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Info on infant medical screenings at a drag show? How a dad's important message includes both.

'Well for me, it's very important to reach as many people as I can, and at every opportunity that I have.'

DALLAS — Three years ago Monday night, a young man died after a life-long battle with a debilitating genetic disorder. But in Fort Worth, and across Texas, his father's quest to teach people about the condition and a way to avoid it continues with any and every audience he can get.

"Hey everybody, how y'all doing tonight?" Bob Burke asked an audience of about 100 people at Cassidy's nightclub in Fort Worth. "We want to thank you guys for coming out."

Burke was about to introduce an evening of unforgettable entertainment. But first he agreed to tell me the painfully unforgettable part of his story.

"Well it happened in 1998. So it's been over 20 years ago now, that it happened when he got sick."

Burke's talking about his son Bryce. Born perfect. Born healthy. Then he started having seizures at 19 months old. 

Bryce had a genetic metabolic disorder called Medium-chain acyl-CoA dehydrogenase deficiency (MCAD) that caused a dramatic drop in blood sugar.

"I have a brother who is a doctor in Keller, he'd never heard of this. Our pediatrician had never heard of it. Our OB-GYN had never heard of it. So nobody really kind of knew about this," he said.

Nobody really knew about it because at the time, only one state, Massachusetts, required newborns be tested for it. With the right diet, kids could survive it just fine.

"You know, as a dad I guess you don't ever get over it. You still think about him, you still miss him."

Bryce never recovered from the brain damage brought by the seizures that sometimes could last more than an hour. He never walked, he never talked again. He was 20 years old when he died.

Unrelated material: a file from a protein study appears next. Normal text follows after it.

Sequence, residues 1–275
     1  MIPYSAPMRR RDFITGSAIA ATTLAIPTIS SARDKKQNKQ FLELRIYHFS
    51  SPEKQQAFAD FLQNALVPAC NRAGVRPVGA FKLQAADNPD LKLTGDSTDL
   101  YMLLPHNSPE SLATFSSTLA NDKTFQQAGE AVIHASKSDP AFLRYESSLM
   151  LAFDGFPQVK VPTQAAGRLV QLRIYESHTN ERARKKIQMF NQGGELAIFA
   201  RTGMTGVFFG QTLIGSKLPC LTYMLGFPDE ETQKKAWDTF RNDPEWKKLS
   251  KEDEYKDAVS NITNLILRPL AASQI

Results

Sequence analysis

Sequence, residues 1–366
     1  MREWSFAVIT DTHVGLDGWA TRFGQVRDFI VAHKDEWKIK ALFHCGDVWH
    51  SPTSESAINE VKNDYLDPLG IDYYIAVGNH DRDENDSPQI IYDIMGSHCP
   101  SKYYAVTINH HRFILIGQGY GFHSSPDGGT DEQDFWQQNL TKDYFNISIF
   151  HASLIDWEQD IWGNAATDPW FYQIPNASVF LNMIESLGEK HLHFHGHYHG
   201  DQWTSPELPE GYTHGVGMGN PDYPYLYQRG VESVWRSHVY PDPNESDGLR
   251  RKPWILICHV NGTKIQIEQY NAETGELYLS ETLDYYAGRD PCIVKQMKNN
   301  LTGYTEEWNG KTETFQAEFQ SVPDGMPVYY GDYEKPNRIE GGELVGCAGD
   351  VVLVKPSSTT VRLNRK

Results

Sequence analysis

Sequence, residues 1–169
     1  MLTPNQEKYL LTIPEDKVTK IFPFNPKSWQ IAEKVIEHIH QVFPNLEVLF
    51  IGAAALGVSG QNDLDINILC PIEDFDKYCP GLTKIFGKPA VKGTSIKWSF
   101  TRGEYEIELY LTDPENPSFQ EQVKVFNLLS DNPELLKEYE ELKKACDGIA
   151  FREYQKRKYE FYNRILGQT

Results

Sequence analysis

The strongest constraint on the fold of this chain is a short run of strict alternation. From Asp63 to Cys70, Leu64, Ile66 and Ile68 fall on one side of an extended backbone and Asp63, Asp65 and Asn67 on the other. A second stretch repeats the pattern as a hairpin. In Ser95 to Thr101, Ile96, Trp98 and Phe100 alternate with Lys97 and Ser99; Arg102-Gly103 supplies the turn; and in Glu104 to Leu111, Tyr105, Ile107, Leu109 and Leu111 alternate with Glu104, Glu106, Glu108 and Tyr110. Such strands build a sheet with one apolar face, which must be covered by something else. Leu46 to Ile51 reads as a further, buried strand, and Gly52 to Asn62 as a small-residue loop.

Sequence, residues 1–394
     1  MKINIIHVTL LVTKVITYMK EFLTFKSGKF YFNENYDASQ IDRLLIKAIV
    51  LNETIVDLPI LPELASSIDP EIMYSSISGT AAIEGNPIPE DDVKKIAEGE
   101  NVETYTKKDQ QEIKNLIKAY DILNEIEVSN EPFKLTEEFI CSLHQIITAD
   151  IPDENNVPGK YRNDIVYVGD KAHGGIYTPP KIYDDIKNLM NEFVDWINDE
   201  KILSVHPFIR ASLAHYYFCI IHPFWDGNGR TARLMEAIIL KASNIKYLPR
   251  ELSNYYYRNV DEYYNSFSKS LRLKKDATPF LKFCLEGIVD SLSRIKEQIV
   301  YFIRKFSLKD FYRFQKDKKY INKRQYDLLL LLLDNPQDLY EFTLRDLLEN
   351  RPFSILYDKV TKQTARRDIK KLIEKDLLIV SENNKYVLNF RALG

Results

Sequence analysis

"But, his story and what he went through did change lives. I honestly do believe that," Burke said.

Beginning with WFAA's first interviews with Bob Burke back in 1998 when he first told us about Bryce and the MCAD diagnosis, he was a dad on a mission. He would take every TV and radio and newspaper interview he could get, using his platform and his family's struggle to push for more advanced screenings. Today, Texas does screen for more than 31 genetic and medical disorders — including the one that claimed Bryce.

"I don't take any credit for it at all, but I give some credit to Bryce," he said.

So why did we find Bob Burke in a Fort Worth night club? Because he still has a story he's trying to tell, and he will take any audience he can get.

Bob Burke is also the producer of a drag show called the My Oh My Show. It travels to nightclubs across Texas. And after performances by impersonators of Mariah Carey, Tina Turner, and Lady Gaga, there is always an intermission. And there is always a captive audience willing to listen to a dad talk about his son again.

"If you're a parent, you're a grandparent, you need to get your child tested," he tells them after sharing Bryce's story. "Don't go through what we did. Thank you for giving me a few minutes to say that," he says as the audience responds with applause.

"Well for me, it's very important to reach as many people as I can, and at every opportunity that I have," Burke told me. "You know, we have 150-200 people that come to our show. I'm just not going to miss that opportunity to share with those families."

Burke is working now with a company in California, Fulgent Technologies, which offers a test that can screen newborns for more than 200 health conditions. Long after Bryce left him, that's the message Bob Burke is sharing now.

"It uplifts Bryce in what he went through and for me it's so that what he went through, what we went through is not in vain. There's a purpose for it."

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